- Food Tester — Food tasters seem to have incredible jobs, but it’s not all fun and games. In fact, there is such a thing as a human dog food taster, so don’t go thinking you’ll just be gorging on pizza and burgers all day with this profession. In truth, professional food testers are experts of quality assurance, flavor, cooking, and sensory experiences, so there’s more to it than just gorging from 9 to 5. With that being said, regular people can get paid to test new food products and write reviews on a gig basis, so keep your eyes peeled for any quick tasting jobs in your area.
- Animal Acupuncturist — Veterinary acupuncture involves performing acupuncture on animals in order to treat conditions such as inflammation, pain, respiratory problems, and allergies. While there’s no real proof that performing acupuncture on animals actually works (in fact, studies debunk it), professionals in this field can still help pet owners and they also get to spend lots of time with cute animals, so it’s definitely not a bad gig for the pet lovers out there.
- Golf Ball Diver — Yes, this is a real profession and, yes, you should pursue it. Golf ball divers are professional recyclers who dive deep into lakes, ponds, and rivers to harvest old golf balls. They then clean, repackage, and resell the balls to make a profit and to keep waste out of our waterways. According to the U.S. Bureau of Labor Statistics (BLS), professional divers make around $200 a day, so it’s not a terrible gig for those who love the water. The first step in becoming a golf ball diver is to learn how to dive and to get a commercial scuba diving certification.
- Hand Model — Has anyone ever told you that you have photogenic hands? If the answer is yes, then you could be sitting on a goldmine. Seriously, hand models are needed to showcase and display all sorts of products, including jewelry, accessories, small consumer electronics, and more. This is pretty easy work, though we can’t say whether or not there’s a ton of work available for hand models.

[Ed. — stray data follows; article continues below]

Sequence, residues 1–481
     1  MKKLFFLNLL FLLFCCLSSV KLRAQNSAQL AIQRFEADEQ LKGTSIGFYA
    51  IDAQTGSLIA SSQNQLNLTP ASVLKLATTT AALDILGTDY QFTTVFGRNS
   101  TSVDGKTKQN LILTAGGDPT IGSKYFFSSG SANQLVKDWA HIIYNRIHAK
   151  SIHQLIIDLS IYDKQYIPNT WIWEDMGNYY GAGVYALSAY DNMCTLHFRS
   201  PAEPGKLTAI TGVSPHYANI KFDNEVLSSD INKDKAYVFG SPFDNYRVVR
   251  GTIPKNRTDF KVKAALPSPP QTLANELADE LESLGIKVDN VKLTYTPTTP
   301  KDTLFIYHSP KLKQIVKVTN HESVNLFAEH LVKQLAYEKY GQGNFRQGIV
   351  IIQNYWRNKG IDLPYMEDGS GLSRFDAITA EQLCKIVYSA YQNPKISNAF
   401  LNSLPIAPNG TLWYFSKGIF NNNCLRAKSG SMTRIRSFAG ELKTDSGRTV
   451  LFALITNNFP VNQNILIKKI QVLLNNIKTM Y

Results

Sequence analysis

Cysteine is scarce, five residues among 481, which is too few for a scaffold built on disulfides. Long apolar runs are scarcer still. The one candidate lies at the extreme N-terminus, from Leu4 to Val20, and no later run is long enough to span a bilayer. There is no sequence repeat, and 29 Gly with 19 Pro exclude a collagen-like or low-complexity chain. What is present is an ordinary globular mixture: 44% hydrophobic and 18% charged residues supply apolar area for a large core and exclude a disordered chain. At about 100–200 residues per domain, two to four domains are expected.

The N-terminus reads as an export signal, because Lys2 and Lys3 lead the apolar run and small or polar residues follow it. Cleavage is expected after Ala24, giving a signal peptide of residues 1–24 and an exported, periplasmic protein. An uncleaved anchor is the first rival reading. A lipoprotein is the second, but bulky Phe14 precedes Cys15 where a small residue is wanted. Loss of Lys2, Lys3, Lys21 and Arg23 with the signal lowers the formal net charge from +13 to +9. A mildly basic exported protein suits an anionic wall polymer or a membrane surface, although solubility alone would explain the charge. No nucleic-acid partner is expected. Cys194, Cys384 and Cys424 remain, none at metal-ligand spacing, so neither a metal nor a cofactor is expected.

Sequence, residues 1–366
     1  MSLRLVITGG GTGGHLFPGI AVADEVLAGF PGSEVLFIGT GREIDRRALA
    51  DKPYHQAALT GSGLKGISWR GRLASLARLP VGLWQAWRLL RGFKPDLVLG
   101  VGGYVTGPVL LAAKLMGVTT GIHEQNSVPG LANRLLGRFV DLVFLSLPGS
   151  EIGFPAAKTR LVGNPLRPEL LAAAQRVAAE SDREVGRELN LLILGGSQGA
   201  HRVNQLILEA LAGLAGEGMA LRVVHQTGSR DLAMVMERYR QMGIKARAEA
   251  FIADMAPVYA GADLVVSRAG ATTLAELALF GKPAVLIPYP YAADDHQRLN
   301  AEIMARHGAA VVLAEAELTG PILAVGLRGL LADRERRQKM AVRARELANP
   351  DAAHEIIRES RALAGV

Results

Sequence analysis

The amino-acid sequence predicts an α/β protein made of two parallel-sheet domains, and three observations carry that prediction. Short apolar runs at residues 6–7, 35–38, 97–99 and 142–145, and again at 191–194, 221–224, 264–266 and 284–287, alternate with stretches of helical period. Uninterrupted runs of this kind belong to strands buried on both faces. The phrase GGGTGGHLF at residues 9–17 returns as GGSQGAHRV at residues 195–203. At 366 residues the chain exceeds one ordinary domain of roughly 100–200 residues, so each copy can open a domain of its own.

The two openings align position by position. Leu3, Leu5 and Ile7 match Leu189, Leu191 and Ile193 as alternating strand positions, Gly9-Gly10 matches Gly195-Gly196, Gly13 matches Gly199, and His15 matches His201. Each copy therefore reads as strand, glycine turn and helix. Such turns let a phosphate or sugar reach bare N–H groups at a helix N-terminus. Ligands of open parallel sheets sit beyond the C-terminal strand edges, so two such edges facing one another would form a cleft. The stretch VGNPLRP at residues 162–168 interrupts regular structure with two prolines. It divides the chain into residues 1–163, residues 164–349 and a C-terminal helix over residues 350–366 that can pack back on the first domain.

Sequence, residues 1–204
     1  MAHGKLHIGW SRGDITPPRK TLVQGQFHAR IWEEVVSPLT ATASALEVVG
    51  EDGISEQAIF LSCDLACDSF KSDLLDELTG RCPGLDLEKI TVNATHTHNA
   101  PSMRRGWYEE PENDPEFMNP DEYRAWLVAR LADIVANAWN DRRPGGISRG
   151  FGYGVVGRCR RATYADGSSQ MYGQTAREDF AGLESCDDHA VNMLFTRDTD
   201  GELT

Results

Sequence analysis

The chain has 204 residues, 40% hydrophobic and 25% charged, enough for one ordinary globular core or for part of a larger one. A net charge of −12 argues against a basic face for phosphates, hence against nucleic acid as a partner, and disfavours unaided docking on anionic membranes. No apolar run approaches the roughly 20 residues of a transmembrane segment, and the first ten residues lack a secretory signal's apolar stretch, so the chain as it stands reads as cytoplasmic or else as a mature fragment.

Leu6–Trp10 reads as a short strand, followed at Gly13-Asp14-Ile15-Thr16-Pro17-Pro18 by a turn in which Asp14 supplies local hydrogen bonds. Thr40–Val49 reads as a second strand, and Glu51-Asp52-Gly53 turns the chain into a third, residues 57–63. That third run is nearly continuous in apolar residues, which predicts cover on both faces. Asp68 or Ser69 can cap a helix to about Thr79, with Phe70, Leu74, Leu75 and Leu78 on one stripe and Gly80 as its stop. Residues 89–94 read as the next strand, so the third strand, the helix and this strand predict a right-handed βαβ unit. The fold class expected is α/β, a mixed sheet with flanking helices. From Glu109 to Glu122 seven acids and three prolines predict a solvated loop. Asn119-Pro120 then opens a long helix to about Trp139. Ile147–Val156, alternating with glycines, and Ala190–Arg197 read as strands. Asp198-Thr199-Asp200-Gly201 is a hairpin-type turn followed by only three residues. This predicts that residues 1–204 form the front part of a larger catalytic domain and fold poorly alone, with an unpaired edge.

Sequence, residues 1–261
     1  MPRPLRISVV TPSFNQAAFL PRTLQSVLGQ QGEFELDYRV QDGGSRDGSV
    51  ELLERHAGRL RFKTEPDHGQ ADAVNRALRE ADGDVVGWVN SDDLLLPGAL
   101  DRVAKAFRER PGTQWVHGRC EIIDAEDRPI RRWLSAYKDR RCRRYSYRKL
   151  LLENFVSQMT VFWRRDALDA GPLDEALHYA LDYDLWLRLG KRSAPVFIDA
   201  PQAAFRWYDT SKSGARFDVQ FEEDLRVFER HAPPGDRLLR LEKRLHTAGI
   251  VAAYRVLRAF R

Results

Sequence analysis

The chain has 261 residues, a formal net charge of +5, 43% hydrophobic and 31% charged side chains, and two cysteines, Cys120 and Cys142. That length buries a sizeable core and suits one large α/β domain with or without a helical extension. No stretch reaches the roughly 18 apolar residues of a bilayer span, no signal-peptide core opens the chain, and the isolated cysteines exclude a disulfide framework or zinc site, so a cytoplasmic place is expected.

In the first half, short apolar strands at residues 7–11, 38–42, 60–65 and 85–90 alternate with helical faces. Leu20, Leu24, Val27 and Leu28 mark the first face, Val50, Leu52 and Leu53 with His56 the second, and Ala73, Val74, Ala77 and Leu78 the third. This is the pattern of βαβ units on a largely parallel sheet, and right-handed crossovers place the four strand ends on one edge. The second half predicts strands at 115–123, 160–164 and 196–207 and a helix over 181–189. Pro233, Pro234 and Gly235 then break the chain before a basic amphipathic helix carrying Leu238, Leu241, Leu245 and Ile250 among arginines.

- Ethical Hacker — If you feel like you could hack into some of the world’s most secure networks without breaking a sweat, you may be a good candidate for a career in ethical hacking. These web-savvy pros may be hired by banks, retail companies, healthcare companies, government agencies, or cyber security firms to ethically hack networks for testing. The fact is that if companies are vulnerable to hacking, they risk their entire business, so they definitely need to make sure they can’t be easily compromised.
Think Outside the
Who says you have to pursue a typical career? Not
us! If you’ve got a unique flair for something or envision yourself spending
your professional life in a certain unconventional field, we salute you! The
world needs offbeat, trailblazing workers to spice up the workforce, so don’t
be afraid to seek out roles that are totally atypical.
For more career advice, visit Tallo, a digital platform that allows students to create a professional profile and list their bragworthy accomplishments, so they can connect with colleges, companies, organizations and more.